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Title: Impact of measurement error on testing genetic association with quantitative traits
Authors: Liao, J.
Li, X.
Wong, T.-Y.
Wang, J.J.
Khor, C.C.
Tai, S.
Aung, T.
Teo, Y.-Y. 
Cheng, C.-Y. 
Issue Date: 24-Jan-2014
Citation: Liao, J., Li, X., Wong, T.-Y., Wang, J.J., Khor, C.C., Tai, S., Aung, T., Teo, Y.-Y., Cheng, C.-Y. (2014-01-24). Impact of measurement error on testing genetic association with quantitative traits. PLoS ONE 9 (1) : -. ScholarBank@NUS Repository.
Abstract: Measurement error of a phenotypic trait reduces the power to detect genetic associations. We examined the impact of sample size, allele frequency and effect size in presence of measurement error for quantitative traits. The statistical power to detect genetic association with phenotype mean and variability was investigated analytically. The non-centrality parameter for a non-central F distribution was derived and verified using computer simulations. We obtained equivalent formulas for the cost of phenotype measurement error. Effects of differences in measurements were examined in a genome-wide association study (GWAS) of two grading scales for cataract and a replication study of genetic variants influencing blood pressure. The mean absolute difference between the analytic power and simulation power for comparison of phenotypic means and variances was less than 0.005, and the absolute difference did not exceed 0.02. To maintain the same power, a one standard deviation (SD) in measurement error of a standard normal distributed trait required a one-fold increase in sample size for comparison of means, and a three-fold increase in sample size for comparison of variances. GWAS results revealed almost no overlap in the significant SNPs (p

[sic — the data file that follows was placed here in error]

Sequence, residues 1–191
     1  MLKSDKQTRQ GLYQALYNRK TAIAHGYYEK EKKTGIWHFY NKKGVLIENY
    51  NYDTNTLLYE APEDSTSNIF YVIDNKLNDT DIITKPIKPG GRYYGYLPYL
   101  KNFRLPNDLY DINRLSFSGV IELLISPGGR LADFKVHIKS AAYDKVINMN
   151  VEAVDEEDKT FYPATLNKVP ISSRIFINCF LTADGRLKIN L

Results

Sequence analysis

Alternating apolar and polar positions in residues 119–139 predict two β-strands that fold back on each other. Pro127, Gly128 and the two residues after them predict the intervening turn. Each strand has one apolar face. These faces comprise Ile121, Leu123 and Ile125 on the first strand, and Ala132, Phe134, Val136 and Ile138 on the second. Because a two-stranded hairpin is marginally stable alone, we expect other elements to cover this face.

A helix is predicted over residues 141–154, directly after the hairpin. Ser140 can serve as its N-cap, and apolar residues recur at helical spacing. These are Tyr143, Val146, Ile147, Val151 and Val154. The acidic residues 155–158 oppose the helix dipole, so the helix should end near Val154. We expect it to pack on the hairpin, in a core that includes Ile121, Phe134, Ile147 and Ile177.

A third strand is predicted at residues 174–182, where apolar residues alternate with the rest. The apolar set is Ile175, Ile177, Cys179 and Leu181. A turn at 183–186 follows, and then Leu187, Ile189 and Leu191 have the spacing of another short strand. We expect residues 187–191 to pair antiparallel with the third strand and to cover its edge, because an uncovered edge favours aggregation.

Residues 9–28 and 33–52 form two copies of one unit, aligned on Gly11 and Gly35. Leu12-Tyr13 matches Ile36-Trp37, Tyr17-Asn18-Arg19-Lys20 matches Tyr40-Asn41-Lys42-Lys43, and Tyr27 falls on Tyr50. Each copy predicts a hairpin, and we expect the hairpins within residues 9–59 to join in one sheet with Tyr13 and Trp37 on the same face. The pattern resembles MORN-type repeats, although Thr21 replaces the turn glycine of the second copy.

Source Title: PLoS ONE
ISSN: 19326203
DOI: 10.1371/journal.pone.0087044
Appears in Collections:Staff Publications

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